Monarch Watch Blog

Monarch populations during the Dust Bowl years

Monday, July 17th, 2023 at 2:55 pm by Jim Lovett
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Monarch populations during the Dust Bowl years
by Chip Taylor, Director, Monarch Watch


The concern about the potential listing of monarchs as threatened or endangered by the Fish and Wildlife Service sometime in 2024 has led me to look into the conditions prior to 1994-1996. The populations in those years were quite large, and it has been widely assumed that the numbers of hectares measured in Mexico represented what could be expected from year to year. I’ve been skeptical, and in a previous post, I summarized data for 15 years with 1 to 3 temperature or precipitation metrics that exceeded anything that occurred in the last 29 years. The data for these 15 years suggested that significant declines were likely in all but two cases. Two of those 15 years were in the 1930s – the “Dust Bowl” or what is sometimes referred to as the “Dirty Thirties”. This led me to ask how monarchs might have fared throughout this period.

If you haven’t read about the Dust bowl or viewed the Ken Burns dust bowl documentary, I highly recommend them. The stories and lessons are compelling and sobering (Egan, 2006). Sobering because we may be headed for more of the same in the future. Farming recovered rapidly in this region after WWII as farmers tapped into the Ogallala Aquifer. This aquifer consists of Pleistocene (fossil) water stored beneath the surface of an enormous area that extends from South Dakota well into the former dust bowl areas further south. Unfortunately, water is being withdrawn from the aquifer faster than it is being replenished with the result that wells are being abandoned in many areas, taking the region back to dryland farming and the conditions that led to the dust bowl. Further, increasing temperatures and severe drought are predicted for Texas and parts of the Midwest in the years to come (Nielsen-Gammon 2021). I will leave it for you, the reader, to educate yourself about the origins and broad consequences of this disastrous yet formative time in our history. My task is to bring together three things: 1) the geography of the dust bowl, 2) the areas from which most monarchs originate that reach Mexico and 3) the broad sweep of the weather that would have affected monarchs during this interval.

The dust bowl area, which is described as the High Plains or the southwestern Great Plains, encompassed portions of 6 states (Fig.1). Much of the dust bowl was bounded by 35N-40N latitude and 100W-105W longitude. The dust storms that characterized the region in the 1930s followed the conversion of the short grass prairies to wheat production and grazing in the early decades of the 20th century. The bare soils associated with farming, droughts and high winds led to dust storms that darkened the skies and spread dust as far as the east coast.

Figure 1. Dust bowl region showing areas and years of major dust storms. See “Dust Bowl” Wikipedia entry for more detail.


Short grass prairies are not major monarch production areas. Milkweeds are few, and nectar sources can be scattered and scarce for butterflies for parts of the breeding season. Further, the area is south and west of the major regions, Upper Midwest and Ohio Valley, that produce most of the monarchs that reach the overwintering sites in Mexico (Fig 2.) (Taylor, et al., in prep). So, if the region of the dust bowl is not a major production area, why is it of concern? Because what happened in the dust bowl from 1930-1939 occurred throughout the area east of the Rocky Mountains. These were the hottest consecutive 10 years during the growing season seen in the entire record from 1895-2022. This period was characterized by droughts, extreme low temperatures in the spring and higher than average summer temperatures in every year, except 1935, in that span. These conditions resulted in lower crop production in many areas to the east of the dust bowl region. And the dust itself settled widely with unknown consequences for foliage feeding insects and other herbivores.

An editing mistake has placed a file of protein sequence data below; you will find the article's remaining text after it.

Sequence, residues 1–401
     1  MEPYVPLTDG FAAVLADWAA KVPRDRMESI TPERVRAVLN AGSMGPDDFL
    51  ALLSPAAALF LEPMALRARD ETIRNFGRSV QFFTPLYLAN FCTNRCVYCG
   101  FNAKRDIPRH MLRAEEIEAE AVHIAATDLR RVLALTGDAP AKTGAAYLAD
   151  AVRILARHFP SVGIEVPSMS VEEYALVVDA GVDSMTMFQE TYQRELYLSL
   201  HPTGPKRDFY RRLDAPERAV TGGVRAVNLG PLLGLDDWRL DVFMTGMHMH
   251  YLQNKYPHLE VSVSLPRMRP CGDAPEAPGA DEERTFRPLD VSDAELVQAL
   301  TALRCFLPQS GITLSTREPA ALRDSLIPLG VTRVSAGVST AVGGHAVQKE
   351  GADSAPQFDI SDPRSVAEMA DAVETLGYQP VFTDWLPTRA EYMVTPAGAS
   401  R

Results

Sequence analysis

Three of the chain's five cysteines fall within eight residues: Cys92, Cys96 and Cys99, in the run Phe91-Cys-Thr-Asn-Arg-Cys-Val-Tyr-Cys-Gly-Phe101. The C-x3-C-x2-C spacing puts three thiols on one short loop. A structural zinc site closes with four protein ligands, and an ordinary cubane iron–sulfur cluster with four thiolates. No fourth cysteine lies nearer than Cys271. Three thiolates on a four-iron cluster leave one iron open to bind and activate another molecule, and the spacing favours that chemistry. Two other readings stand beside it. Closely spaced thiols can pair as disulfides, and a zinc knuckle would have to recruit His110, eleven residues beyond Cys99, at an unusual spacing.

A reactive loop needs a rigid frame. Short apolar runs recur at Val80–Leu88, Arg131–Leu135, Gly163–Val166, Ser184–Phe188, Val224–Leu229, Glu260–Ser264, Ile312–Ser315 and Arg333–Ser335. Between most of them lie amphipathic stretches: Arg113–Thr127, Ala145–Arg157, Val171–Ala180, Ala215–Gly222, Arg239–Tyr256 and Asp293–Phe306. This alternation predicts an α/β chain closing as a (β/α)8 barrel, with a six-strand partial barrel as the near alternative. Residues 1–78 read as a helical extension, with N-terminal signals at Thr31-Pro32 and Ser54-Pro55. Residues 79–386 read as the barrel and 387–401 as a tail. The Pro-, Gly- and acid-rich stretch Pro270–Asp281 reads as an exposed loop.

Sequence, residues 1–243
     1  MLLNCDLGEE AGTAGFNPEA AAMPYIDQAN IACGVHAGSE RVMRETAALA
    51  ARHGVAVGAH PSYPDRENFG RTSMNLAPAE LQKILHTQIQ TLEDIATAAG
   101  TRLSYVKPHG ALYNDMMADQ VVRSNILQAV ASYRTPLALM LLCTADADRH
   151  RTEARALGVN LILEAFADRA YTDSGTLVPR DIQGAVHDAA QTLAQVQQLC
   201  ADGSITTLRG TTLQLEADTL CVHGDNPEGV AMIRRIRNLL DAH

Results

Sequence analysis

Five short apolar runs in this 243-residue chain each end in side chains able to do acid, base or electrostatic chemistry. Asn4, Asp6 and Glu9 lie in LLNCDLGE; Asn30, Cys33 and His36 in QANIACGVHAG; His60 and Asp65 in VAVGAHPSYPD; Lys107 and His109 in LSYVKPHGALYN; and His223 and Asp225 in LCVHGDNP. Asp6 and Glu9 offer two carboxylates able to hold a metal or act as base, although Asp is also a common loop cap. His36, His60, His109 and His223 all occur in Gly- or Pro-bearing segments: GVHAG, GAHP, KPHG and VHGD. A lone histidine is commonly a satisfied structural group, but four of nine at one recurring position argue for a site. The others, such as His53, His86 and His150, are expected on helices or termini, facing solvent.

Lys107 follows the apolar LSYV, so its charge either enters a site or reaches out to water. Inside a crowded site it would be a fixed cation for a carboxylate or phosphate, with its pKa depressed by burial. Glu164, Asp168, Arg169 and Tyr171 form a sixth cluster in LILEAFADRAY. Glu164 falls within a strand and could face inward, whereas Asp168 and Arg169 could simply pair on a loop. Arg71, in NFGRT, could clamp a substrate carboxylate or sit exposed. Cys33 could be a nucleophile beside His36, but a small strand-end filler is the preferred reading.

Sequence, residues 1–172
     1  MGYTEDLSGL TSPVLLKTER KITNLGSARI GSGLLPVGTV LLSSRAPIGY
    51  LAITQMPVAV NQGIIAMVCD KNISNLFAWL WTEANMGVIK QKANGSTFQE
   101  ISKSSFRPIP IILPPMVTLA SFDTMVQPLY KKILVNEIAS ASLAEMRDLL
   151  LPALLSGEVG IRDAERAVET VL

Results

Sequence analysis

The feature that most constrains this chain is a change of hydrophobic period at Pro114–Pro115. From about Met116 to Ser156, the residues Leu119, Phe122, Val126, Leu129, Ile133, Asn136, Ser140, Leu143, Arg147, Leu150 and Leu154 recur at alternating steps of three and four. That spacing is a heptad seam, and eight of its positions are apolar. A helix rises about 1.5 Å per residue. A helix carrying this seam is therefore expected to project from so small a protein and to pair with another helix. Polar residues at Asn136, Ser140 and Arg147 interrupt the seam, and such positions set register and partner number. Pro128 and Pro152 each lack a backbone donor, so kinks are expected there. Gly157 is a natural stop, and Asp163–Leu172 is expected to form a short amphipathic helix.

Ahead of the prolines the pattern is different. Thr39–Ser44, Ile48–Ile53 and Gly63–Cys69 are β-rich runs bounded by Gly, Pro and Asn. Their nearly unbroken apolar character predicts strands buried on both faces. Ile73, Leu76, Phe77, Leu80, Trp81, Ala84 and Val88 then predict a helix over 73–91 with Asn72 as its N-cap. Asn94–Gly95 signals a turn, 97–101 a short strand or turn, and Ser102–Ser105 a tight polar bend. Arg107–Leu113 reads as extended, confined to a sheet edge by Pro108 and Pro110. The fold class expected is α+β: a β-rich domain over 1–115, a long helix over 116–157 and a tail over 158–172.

In the following text, I’m going summarize how the growth of monarch populations was probably affected during this period. We now have a base of 29 years for which the conditions have been defined during the growing season. How these conditions affected the growth of monarch populations is now fairly clear. Average temperatures favor population growth while extreme temperatures, either above or below the long-term averages negatively affect population development. The negative factors have greater effects in March and April at the start of the growing season and lesser impacts in the summer and during the migration. Droughts that occur during the growing season or the migration can also limit population growth or the proportions of the population that survive the migration.


A series of metrics were chosen that represented critical times and locations associated with different stages in the development of the monarch populations. The long-term means and the deviations from these means are summarized in Table 1. These deviations were judged to be either favorable, neutral or unfavorable based on the assumption that there is an average range that enables population growth outside of which high or low temperatures were unfavorable. There are also a few conditions when high temperatures that occur when means are typically low are favorable. For temperature, the range for “average” conditions is >-3.3 – +2.5F. In other words, temperatures less than -3.3F and more than 2.5F were deemed as having a negative impact on population growth.

Table 1. Highest and lowest deviations from long-term means in the last 29 years.